Prosight argues that the appraisal award is invalid because Fredrics and Hawkins acted improperly by designating Brown as an “independent consultant” (who was in fact not independent), splitting Brown's fee among the parties, and colluding between themselves through ex parte communications during the appraisal process. Prosight then asserts that even if the appraisal award is valid, applicable policy provisions reduce the amount owed and the depreciation amount was incorrectly calculated. Summary judgment is thus improper, Prosight contends, because there are genuine issues concerning the conduct of the appraisal panel. Also, mistakes of fact in the calculation of the amount of the appraisal award preclude summary judgment.

         As this case is proceeding under the diversity jurisdiction of this Court, in determining the validity of the appraisal award the Court must look to the substantive law of Mississippi. See Erie R.R. Co. v. Tompkins, 304 U.S. 64 (1938). State law is determined by looking to the decisions of the state's highest court. St. Paul Fire & Marine Ins. Co. v. Convalescent Servs., Inc., 193 F.3d 340, 342 (5th Cir. 1999).

         It must first be noted that “[i]n Mississippi as in other states, it is difficult for a [party] to succeed in impeaching an award made by disinterested appraisers. Mississippi law favors amicable settlements of controversies without court involvement.” Mitchell v. Aetna Cas. & Sur. Co., 579 F.2d 342, 350 (5th Cir. 1978) (citations omitted). Consequently, as the Mississippi Supreme Court has explained, “an appraisal is presumptively correct but . . . the court may set aside an appraisal where the award is so grossly inadequate as to amount to fraud in effect, although fraud is not charged, or where the appraisers were without authority, or where there is a mistake of fact or to prevent injustice.” McElroy v. Evanston Ins. Co., No. 3:14-CV-180-CWR-FKB, 2016 WL 2726859, at *3 (S.D.Miss. May 6, 2016) (citing Munn v. Nat'l Fire Ins. Co. of Hartford, 115 So.2d 54, 58 (Miss. 1959)).

         A. Validity of the Appraisal Award

          Prosight claims that Brown's involvement in the appraisal process, along with the umpire's directive to split his fee, raises serious questions about the fairness and impartiality of the appraisal proceedings. Prosight further argues that the ex parte communications between Fredrics and Hawkins were improper and led to an invalid appraisal award. The Court will consider each argument in turn.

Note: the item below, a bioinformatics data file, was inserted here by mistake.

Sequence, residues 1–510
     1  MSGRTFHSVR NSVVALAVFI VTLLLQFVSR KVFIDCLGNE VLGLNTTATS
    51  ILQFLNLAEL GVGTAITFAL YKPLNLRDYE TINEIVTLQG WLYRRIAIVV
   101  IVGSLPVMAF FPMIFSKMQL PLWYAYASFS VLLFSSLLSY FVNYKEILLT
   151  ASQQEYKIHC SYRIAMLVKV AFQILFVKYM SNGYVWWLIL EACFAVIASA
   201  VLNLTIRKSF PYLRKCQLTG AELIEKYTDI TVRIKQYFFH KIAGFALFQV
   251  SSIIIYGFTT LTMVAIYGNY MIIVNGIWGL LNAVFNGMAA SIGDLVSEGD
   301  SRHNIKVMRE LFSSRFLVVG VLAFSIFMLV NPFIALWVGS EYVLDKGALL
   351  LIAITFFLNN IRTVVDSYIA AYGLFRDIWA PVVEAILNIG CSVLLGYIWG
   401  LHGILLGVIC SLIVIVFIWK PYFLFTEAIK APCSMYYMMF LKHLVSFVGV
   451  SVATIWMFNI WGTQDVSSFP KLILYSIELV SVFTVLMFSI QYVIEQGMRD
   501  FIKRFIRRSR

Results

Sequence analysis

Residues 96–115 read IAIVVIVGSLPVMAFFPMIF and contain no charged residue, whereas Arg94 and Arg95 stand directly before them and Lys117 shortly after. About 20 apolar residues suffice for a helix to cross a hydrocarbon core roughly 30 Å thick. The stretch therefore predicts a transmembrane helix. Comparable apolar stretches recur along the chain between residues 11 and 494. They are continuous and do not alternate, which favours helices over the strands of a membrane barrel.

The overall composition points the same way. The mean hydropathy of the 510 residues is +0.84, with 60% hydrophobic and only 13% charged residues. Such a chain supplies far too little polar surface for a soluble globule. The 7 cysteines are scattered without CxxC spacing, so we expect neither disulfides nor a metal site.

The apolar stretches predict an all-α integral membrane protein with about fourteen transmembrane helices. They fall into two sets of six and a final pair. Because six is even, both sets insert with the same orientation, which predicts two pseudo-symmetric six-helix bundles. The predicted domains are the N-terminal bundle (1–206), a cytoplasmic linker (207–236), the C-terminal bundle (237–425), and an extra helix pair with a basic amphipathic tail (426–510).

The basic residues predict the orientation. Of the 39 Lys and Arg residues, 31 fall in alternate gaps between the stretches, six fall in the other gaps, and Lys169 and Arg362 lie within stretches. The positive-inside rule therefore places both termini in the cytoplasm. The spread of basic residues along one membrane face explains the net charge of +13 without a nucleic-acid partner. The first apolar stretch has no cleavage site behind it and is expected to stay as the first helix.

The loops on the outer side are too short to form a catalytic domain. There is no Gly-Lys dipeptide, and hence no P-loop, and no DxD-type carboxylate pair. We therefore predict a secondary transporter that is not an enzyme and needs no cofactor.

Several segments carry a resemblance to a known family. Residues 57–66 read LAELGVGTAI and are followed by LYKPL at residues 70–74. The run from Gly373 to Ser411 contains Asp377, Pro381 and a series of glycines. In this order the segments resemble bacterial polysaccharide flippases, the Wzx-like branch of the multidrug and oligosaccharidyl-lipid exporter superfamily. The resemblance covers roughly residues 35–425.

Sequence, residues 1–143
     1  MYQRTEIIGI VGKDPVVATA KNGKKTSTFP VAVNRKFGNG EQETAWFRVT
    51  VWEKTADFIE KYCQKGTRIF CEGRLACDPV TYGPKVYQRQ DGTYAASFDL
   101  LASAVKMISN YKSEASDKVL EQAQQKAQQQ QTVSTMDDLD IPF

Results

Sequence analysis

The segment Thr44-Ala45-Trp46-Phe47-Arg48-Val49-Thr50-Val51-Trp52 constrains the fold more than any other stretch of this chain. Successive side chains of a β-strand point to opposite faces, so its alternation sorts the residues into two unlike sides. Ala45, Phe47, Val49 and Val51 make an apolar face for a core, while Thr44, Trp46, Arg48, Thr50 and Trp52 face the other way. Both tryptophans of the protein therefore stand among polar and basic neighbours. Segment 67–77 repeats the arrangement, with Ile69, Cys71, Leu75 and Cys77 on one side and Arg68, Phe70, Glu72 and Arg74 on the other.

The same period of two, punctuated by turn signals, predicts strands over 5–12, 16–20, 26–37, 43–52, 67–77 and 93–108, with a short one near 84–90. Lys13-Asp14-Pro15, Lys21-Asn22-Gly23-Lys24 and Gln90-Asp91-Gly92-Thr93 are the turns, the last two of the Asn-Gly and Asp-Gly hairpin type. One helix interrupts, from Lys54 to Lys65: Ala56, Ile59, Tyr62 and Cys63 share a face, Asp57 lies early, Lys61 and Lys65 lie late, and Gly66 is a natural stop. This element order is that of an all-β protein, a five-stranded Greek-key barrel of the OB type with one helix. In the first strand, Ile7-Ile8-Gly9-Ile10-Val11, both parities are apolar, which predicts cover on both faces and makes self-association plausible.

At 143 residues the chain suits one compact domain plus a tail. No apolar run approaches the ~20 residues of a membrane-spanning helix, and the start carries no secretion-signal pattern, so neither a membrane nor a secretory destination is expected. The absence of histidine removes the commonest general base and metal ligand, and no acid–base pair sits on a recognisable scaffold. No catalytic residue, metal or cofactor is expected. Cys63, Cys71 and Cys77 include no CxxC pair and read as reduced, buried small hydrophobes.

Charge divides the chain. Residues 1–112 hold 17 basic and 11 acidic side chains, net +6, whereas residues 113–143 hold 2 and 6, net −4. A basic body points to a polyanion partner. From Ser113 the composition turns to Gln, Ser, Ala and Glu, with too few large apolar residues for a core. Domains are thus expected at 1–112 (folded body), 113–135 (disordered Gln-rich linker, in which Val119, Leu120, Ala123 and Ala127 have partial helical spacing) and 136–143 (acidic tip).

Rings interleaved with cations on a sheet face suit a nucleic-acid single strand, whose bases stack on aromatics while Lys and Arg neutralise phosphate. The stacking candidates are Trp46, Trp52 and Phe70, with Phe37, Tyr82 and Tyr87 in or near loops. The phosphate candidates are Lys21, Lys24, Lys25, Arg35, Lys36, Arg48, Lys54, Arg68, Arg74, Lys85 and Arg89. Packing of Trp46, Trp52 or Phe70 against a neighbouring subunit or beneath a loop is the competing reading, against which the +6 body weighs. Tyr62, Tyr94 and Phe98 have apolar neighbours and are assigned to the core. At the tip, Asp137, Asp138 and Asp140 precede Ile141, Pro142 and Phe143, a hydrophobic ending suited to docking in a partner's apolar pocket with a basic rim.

1. Dexter Brown's Involvement in the Appraisal Process

         At the request of Hawkins, Fredrics retained Dexter Brown to serve as a consultant in the appraisal process. Warren was aware of Brown's involvement long before expressing any opposition. Warren first became aware of Brown's involvement in an email on May 1, 2017. In the email, Fredrics informed Warren that Westwick approved an independent consultant to provide a second opinion in the appraisal. Fredrics further informed Warren that he would wait until after he received Brown's report to complete his own estimate for the umpire. Docket No. 48-2. In response to Warren's inquiry on the identity of the consultant, Fredrics stated that Brown was a former general contractor who specialized in roofing and remodeling. Warren expressed no opposition at this point, nor did he request to meet with Brown.

         A week later, Fredrics told Warren in an email that Brown had completed his inspection and given Fredrics his findings verbally. Fredrics also attached his own findings to the email and requested that Warren advise of any errors. Docket No. 48-3.[3] Ten days after that, Fredrics notified both Warren and Hawkins of his intention to submit a formal report from Brown. Docket No. 48-4. A June 7, 2017 email from Warren to a Prosight representative stated, in relevant part:

Even though [the umpire] was nominated by my opposition, I thoroughly vetted him and am still convinced that he is honest and ethical . . .. As you know, anything can happen during this procedure, but I am ...